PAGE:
When plugged in to our 30 amp the converter would run all of the 12 volt systems (except for the refrigerator, you need 12 volt from the battery to have that work), but not charge the battery. I thought it was somewhat of a blessing, because I could just use an external Sears auto charger to keep it going (even during our camping trips).
    The price for the newer version of the charging part of the Magnatek is between 200.00 And 300.00.
    Earlier this year I found a site describing a repair to the charging part of the converter
    (http://www.hayseed.net/~jpk5lad/RV%20Information/MagnaTek%20Pwr%20Converter/rv%20power%20converter.html)
    That was a relief as by following those instructions I was able to repair the unit for about $15.00. Life was good!
    Midway through the first camping trip this year to Bennett Spring State Park in Missouri, it reverted to it's old behavior. I guess whatever caused the first failure to happen just happened again.
    So here is my plan, yesterday I purchased from Amazon for $99.00 a NOCO G7200 NOCO Genius. This is going to be our new charging system, It is pretty new and appears to have quite a few redeeming qualities. It's small and I read it does a good job in maintaining a system.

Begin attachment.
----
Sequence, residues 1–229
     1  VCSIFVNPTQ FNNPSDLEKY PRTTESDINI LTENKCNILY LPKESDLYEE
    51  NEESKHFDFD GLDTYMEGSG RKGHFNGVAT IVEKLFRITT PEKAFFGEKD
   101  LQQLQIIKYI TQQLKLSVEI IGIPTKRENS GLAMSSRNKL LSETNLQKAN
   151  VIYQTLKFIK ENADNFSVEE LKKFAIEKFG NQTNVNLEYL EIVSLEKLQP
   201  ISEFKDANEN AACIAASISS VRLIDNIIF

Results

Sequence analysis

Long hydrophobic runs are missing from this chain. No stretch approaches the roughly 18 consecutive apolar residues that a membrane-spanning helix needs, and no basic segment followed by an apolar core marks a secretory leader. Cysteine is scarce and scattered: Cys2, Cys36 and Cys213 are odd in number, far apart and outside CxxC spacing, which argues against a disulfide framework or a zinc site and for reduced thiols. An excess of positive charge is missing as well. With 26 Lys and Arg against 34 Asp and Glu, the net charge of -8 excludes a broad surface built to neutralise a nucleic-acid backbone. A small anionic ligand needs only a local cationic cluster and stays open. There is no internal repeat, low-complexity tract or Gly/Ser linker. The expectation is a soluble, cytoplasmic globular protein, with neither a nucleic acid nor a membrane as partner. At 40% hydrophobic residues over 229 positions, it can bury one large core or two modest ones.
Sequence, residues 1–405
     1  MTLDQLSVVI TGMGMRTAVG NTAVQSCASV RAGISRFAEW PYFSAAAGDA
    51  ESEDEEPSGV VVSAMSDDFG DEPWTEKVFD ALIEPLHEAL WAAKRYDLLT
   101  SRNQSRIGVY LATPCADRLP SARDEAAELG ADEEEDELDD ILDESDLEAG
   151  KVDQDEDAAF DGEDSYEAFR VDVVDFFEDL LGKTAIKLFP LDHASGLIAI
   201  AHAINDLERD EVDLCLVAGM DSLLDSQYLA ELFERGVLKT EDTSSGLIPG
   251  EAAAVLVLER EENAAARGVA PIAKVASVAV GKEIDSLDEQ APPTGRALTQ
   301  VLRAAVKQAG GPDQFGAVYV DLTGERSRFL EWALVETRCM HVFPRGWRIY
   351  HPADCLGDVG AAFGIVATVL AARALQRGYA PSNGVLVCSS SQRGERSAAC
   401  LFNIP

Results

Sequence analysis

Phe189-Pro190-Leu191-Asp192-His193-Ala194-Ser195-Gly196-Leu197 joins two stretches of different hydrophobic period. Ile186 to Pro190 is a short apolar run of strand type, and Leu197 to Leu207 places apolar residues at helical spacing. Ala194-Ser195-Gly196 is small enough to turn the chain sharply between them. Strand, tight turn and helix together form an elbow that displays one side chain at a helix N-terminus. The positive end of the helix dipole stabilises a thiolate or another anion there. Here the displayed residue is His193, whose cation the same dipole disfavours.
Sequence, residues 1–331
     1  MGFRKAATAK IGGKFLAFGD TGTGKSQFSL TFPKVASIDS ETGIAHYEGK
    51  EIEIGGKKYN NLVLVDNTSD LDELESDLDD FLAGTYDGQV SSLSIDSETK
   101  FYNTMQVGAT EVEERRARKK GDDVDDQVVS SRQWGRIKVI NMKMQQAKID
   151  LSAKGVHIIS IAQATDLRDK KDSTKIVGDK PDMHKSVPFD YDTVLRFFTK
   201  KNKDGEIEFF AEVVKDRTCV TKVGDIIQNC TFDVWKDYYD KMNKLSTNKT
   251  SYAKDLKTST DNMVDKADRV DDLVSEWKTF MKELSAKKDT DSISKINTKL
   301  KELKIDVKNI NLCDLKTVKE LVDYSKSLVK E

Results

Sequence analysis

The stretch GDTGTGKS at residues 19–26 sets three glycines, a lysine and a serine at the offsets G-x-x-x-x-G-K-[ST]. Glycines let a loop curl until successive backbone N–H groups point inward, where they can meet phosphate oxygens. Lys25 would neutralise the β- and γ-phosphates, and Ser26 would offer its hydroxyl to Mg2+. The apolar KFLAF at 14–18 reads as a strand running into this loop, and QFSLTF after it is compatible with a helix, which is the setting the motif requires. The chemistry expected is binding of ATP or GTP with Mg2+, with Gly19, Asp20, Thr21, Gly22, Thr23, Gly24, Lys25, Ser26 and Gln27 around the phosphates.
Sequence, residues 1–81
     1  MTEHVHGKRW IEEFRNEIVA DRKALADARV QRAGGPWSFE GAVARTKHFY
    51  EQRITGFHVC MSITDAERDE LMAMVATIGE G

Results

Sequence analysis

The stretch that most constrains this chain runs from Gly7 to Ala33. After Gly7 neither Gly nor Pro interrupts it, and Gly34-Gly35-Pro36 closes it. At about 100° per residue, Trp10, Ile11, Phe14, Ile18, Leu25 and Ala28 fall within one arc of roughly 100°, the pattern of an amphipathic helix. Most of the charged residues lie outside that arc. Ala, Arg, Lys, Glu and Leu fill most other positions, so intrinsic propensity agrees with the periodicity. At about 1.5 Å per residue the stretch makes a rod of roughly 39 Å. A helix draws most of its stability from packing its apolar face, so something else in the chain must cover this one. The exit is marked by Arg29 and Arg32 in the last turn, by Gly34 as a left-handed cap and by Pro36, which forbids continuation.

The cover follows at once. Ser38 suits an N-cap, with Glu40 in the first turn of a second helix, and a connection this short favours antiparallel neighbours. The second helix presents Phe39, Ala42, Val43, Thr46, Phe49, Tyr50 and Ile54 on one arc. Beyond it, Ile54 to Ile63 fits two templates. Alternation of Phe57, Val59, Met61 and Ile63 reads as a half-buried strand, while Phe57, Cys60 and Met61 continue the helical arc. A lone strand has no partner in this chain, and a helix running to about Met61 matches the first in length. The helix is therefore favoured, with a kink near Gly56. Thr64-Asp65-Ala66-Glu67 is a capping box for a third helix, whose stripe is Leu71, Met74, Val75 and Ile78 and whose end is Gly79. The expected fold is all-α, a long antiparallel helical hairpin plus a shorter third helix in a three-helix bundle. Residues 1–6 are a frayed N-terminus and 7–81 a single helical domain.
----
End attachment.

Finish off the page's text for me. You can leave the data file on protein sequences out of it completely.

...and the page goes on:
I posed the question in my post because, the batteries I'm installing are not the type of throw away Walmart battery I was trying to keep alive previously, I would like to keep these two AGM's for a while. And not have to be carrying that Old fashioned Sears charger with an extension cord around the trailer.
    What a story, I hope I've not bored anyone....
    Thanks again for your time...
    Ray S
  • mike95490mike95490 Solar Expert Posts: 8,380 ✭✭✭✭✭
    Re: Increasing battery capacity (or am I?)

    The "lift battery" you describe, is a starting battery, and should be recharged after each use. It's able to supply the high amps needed for running the motor, but the thin plates don't like sitting discharged.

    I'm not sure about the G7200 NOCO Genius charger, you need to be sure it selects the right battery type, using a flooded battery profile will ruin the AGM batteries - that's my only concern, is making sure the right type battery is selected. And it will take quite a while to charge a pair of low batteries at only 7 amps. 50% discharge is going to be in the neighborhood of 8 - 9 hours to recharge, with no loads.